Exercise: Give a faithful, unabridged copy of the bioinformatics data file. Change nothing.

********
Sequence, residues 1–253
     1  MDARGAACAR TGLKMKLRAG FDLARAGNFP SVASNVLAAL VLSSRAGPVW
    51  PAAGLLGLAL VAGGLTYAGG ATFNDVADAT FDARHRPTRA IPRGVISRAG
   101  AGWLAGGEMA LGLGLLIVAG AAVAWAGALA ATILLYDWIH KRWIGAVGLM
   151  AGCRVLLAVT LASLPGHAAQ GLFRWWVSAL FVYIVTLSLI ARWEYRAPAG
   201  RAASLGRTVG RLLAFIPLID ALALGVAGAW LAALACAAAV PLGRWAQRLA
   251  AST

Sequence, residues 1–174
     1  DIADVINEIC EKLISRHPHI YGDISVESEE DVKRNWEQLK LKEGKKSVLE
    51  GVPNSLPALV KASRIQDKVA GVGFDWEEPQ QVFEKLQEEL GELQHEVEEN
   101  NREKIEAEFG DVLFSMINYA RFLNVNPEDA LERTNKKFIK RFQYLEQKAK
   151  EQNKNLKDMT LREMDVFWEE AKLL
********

Sequence, residues 1–253
     1  MDARGAACAR TGLKMKLRAG FDLARAGNFP SVASNVLAAL VLSSRAGPVW
    51  PAAGLLGLAL VAGGLTYAGG ATFNDVADAT FDARHRPTRA IPRGVISRAG
   101  AGWLAGGEMA LGLGLLIVAG AAVAWAGALA ATILLYDWIH KRWIGAVGLM
   151  AGCRVLLAVT LASLPGHAAQ GLFRWWVSAL FVYIVTLSLI ARWEYRAPAG
   201  RAASLGRTVG RLLAFIPLID ALALGVAGAW LAALACAAAV PLGRWAQRLA
   251  AST

Sequence, residues 1–174
     1  DIADVINEIC EKLISRHPHI YGDISVESEE DVKRNWEQLK LKEGKKSVLE
    51  GVPNSLPALV KASRIQDKVA GVGFDWEEPQ QVFEKLQEEL GELQHEVEEN
   101  NREKIEAEFG DVLFSMINYA RFLNVNPEDA LERTNKKFIK RFQYLEQKAK
   151  EQNKNLKDMT LREMDVFWEE AKLL